The Cycleway History
The story so far
Back in the beginning of 2009 the New Zealand Government organised the 'Job Summit" - an effort to produce projects within the country to provide employment opportunites.
New Zealand Prime Minister (and Minister of Tourism) in 2009 John Key
One of the propoals made during this Job Summit - in fact one pushed with enthusiasm by the Prime Minister John Key (who was also the Minister of Tourism) - was the idea of a cycleway the length of the country.
The agrument put forward by Mr Key and his supporters was that such a project tied in with New Zealand's outdoor adventure image whilst create employment opportunites for some 4000 people.
Whilst these figures were questioned there has been no doubt that the creation of such a cycleway would benefit the nation both from a tourism perspective and just as importantly, providing a catalyst for getting New Zealanders out there improving their health and fitness: something that is becoming more and more important in the modern age of obesity.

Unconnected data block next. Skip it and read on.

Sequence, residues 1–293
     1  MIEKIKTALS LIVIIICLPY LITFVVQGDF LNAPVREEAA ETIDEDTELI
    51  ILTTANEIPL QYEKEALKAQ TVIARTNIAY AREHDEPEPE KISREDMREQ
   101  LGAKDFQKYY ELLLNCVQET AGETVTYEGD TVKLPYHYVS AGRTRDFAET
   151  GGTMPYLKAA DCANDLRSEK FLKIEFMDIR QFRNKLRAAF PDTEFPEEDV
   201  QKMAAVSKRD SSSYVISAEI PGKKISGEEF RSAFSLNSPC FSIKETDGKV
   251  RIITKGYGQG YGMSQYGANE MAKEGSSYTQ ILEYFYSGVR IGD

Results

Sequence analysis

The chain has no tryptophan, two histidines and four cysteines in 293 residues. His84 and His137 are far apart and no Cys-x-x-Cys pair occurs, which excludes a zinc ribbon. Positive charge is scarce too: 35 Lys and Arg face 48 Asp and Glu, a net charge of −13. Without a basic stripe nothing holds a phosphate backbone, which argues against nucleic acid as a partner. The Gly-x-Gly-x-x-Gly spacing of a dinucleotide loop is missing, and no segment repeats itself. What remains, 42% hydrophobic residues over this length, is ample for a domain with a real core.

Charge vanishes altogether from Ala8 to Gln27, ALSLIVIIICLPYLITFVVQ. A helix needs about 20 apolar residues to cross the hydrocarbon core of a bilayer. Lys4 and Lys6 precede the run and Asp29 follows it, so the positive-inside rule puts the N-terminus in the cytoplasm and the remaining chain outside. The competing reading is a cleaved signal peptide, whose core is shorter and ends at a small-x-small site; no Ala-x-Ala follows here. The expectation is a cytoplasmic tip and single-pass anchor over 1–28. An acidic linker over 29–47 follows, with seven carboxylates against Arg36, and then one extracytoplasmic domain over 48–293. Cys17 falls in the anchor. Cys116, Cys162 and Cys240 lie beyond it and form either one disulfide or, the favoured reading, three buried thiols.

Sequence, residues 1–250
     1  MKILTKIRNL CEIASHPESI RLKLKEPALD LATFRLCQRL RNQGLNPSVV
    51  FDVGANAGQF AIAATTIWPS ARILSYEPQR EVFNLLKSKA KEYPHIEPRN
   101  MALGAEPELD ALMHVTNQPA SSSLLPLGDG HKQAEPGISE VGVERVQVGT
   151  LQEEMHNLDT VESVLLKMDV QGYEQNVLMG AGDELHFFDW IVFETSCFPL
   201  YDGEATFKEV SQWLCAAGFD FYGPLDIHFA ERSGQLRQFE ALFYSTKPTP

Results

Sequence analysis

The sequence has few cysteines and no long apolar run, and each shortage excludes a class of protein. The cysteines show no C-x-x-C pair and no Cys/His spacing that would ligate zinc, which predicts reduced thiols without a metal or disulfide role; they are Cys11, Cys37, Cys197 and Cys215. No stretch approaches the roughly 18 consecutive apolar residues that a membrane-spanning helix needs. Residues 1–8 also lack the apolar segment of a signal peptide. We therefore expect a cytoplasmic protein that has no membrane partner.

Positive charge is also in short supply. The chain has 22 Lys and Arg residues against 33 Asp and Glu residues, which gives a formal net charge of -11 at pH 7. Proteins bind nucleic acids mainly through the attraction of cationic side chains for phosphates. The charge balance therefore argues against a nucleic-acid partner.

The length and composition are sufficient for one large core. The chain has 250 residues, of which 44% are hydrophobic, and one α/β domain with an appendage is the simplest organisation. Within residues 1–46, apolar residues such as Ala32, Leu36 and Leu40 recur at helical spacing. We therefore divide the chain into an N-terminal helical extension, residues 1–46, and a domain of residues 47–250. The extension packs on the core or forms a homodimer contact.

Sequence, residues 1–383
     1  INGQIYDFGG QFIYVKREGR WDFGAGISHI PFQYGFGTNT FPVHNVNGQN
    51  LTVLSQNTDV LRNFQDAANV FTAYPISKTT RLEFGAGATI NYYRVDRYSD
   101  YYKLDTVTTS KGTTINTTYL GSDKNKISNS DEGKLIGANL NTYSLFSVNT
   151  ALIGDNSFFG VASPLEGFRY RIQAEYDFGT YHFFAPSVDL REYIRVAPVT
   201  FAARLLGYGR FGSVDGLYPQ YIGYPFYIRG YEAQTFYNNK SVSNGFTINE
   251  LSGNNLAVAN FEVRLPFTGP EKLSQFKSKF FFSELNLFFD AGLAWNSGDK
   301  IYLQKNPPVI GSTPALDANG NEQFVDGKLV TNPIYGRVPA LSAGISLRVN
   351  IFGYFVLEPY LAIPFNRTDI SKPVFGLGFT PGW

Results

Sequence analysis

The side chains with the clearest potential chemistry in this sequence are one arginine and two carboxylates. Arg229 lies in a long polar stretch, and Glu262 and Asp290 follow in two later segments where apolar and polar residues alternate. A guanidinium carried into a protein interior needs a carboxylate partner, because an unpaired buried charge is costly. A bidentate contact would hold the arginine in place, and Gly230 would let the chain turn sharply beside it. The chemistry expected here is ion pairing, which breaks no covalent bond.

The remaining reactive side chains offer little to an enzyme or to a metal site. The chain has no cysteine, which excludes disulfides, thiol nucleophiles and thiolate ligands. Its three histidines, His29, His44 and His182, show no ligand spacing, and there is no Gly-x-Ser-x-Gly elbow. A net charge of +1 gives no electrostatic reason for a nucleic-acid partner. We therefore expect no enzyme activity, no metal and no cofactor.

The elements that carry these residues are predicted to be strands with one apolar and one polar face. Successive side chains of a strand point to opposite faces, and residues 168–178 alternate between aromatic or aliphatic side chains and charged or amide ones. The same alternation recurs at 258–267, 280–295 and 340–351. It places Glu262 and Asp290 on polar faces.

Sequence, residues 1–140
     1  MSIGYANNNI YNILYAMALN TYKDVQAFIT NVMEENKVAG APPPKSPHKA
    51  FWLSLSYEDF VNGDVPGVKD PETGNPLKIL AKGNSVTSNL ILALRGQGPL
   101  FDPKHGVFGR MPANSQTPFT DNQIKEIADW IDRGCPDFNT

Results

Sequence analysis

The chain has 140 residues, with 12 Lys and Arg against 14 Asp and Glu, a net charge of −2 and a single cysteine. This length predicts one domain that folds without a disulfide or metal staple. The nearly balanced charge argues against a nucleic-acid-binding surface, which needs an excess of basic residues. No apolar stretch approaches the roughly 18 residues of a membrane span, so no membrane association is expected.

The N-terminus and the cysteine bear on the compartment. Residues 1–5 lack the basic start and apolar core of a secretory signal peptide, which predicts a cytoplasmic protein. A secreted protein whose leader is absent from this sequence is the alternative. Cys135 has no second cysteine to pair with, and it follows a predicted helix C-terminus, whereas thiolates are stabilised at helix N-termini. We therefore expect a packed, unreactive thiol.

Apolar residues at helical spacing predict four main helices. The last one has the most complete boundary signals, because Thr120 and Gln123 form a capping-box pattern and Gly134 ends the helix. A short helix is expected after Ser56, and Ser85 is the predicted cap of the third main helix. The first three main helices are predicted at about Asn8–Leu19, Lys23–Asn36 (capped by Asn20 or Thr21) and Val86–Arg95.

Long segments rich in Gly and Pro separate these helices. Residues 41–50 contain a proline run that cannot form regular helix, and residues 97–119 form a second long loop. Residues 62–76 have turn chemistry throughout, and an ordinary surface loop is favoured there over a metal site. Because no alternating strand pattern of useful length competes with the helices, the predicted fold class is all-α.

As early as March of 2009, the government had indicated that the concept of a single track from top to bottom of the country was probably not going to be realised and so the concept was tweaked to be a network of trails throughout the country, utilising existing trails and taking the form of individual project to expand the network.
By May of that same year it was becoming clear that the focus was be on a number of promising links, using a combination of existing railway corridor reserves, paper roads or existing cycle trails where they existed.
Being forever positive, Prime Minister John Key stated in mid 2010 that he expected 2000km of cycleway to be completed by the end of 2011.